On Dec. 7, Egypt's largest-circulation privately owned newspaper, al-Masry al-Youm, published an unsigned editorial under the title, "The British Independent Publishes a Fabricated Article About al-Masry al-Youm." In the editorial, the paper accused The Independent's Cairo correspondent, Alastair Beach, of being linked to Western intelligence agencies. It also alleged that I, a professor at the U.S. Naval Postgraduate School in Monterey, California, was seeking to foment a coup d'état in Egypt.
Correspondent Beach was the target of these ludicrous assertions as a result of his coverage of al-Masry al-Youm's censorship of an article I had been commissioned to write by the editor of that newspaper's new English language weekly, rather paradoxically named Egypt Independent. To appear in the second issue of that new weekly, scheduled for publication on Dec. 1, my article noted the favorable image of the Egyptian military as reported in various domestic public opinion polls since Feb. 11. It went on to argue that Field Marshal Mohamed Tantawi, the country's official leader since the ouster of President Hosni Mubarak, would nevertheless be unwise to interpret this data as support for the ruling Supreme Council for the Armed Forces (SCAF). The available polling data suggests that SCAF's image is much less favorable than the military's and in fact is in precipitous decline.
I concluded that the field marshal's implied threat against civilian rule as embodied in the trial balloon he floated in his Nov. 22 speech, which referred to a possible referendum on military rule, could backfire against him. Not only would many civilian political forces in Egypt be dismayed by such an effort to prolong the SCAF's rule, but so too might military officers disapprove out of fear that their institution's reputation could thereby be damaged. This assertion was not just speculative, but based on substantial evidence to that effect. I also referred to Washington's explicit disapproval of efforts to prolong the SCAF's political role, for example, a Nov. 25 White House statement calling for Egypt's new government to be "empowered with real authority immediately."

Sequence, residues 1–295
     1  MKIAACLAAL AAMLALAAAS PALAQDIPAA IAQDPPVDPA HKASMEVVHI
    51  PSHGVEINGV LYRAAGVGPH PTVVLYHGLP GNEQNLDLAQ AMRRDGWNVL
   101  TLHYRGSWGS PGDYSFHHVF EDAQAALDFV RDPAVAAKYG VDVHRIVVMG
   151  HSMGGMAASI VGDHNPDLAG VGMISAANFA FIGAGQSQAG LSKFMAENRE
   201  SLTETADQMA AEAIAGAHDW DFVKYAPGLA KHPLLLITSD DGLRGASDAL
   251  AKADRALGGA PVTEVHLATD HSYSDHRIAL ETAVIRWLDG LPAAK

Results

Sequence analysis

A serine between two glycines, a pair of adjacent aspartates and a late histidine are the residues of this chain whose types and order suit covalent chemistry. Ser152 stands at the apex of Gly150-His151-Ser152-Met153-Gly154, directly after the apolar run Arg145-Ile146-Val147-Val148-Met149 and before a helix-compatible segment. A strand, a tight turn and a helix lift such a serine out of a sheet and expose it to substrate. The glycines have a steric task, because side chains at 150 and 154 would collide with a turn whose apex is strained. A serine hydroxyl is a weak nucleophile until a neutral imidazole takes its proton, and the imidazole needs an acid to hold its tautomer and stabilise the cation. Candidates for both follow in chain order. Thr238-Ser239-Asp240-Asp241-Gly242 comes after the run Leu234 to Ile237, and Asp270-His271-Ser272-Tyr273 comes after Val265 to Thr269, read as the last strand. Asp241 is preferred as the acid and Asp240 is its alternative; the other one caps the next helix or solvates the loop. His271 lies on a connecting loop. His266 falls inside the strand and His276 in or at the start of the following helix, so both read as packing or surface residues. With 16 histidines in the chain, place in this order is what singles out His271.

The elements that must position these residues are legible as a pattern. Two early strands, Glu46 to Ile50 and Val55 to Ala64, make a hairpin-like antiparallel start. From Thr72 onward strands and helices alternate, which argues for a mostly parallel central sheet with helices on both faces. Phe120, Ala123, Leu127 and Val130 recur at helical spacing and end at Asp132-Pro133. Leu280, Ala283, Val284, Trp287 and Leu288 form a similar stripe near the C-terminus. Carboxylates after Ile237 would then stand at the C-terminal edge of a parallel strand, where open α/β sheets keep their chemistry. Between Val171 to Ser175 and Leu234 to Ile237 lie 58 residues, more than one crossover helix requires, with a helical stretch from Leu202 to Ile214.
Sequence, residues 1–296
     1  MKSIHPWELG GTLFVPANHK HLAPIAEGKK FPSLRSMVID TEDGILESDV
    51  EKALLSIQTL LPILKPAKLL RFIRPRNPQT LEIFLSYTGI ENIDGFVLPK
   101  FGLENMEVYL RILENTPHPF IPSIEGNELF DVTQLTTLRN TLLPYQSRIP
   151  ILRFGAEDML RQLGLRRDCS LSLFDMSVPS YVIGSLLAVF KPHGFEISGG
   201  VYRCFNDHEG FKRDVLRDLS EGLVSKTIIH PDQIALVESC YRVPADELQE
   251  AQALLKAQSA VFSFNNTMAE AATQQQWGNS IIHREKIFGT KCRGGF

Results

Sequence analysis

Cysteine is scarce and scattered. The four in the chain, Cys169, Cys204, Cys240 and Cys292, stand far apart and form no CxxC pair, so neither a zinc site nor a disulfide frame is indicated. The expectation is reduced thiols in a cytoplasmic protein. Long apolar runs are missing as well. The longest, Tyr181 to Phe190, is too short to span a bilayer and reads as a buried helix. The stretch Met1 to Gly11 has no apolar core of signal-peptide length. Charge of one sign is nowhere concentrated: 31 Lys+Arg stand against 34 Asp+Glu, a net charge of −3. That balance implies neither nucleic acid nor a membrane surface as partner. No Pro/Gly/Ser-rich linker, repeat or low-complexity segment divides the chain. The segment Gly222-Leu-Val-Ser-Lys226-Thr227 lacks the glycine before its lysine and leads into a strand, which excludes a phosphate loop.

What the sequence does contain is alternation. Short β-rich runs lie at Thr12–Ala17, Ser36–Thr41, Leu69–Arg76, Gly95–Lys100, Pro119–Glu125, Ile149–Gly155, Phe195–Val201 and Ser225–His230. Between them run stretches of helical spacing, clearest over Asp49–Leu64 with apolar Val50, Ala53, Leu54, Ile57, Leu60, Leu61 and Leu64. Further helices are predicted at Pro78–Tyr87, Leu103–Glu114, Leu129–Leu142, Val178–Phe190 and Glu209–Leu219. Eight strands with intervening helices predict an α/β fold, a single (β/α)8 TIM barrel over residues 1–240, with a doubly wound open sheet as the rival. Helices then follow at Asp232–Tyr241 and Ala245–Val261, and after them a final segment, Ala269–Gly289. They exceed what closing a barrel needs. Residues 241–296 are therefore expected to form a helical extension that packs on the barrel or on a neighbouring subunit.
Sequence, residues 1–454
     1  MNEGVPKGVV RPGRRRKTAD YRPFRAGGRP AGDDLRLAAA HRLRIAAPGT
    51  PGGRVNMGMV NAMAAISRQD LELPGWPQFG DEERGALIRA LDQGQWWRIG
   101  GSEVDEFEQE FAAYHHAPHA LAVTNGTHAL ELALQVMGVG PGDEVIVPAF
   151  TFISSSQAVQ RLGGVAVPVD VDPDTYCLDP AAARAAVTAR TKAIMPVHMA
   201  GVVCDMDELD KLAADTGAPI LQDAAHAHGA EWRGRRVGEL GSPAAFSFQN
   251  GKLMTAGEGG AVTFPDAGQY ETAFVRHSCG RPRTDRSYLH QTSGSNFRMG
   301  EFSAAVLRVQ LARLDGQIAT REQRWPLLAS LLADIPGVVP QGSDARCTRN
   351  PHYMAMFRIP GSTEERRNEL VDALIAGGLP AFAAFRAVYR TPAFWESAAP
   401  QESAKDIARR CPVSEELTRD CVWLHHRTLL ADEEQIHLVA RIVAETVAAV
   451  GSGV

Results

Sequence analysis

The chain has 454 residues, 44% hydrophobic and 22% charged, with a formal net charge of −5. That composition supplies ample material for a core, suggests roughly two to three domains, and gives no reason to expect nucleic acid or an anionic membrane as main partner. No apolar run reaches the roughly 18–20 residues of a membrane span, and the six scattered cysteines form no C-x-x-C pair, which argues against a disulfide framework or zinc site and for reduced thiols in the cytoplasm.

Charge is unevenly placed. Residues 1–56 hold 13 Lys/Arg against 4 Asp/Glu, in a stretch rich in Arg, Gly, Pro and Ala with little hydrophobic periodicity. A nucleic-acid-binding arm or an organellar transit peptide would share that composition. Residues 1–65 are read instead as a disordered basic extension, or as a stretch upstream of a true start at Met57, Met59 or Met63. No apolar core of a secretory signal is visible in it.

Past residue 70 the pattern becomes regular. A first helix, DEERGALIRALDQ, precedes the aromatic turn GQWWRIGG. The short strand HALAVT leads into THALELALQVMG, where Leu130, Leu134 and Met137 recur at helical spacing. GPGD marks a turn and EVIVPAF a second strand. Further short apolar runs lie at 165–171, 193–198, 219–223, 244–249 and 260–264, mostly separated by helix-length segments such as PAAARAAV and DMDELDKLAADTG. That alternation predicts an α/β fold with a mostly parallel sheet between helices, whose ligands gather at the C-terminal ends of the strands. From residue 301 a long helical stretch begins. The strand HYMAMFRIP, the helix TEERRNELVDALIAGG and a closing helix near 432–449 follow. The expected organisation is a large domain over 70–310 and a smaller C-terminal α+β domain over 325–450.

It was these observations that resulted in the article being censored by Magdy el-Galad, the editor-in-chief of al- Masry al-Youm. I do not know whether he did so on direct orders from the SCAF or because he anticipated General Tantawi's negative reaction. What has been reported to me is that the editor in question is known to have close ties to the military and intelligence services. (The Egyptian Independent's brave reaction to the incident was to refuse to produce another edition of their weekly until it was granted editorial freedom from al-Masry al-Youm.)
Whatever happened behind the scenes, the censorship suggests marked sensitivity about the leadership and role of the SCAF and its relations with the broader military. General Tantawi must be aware that his perch atop both the SCAF and the military (indeed, for the moment, the entire state), is precarious. For years he was Mubarak's instrument to control the military. The measures he employed -- including promoting the incompetent over the competent, minimizing training and general preparedness, redirecting the institution's primary efforts to economic rather than military pursuits, and ladling out dollops of patronage to retain loyalty -- resulted in an indulged officer corps, but also one that harbors profound resentments. Those resentments have been greatly exacerbated by the SCAF's mishandling of the transition, especially the deployment of military units for crowd control, outright intimidation and even killing of demonstrators, and converting military bases into detention facilities.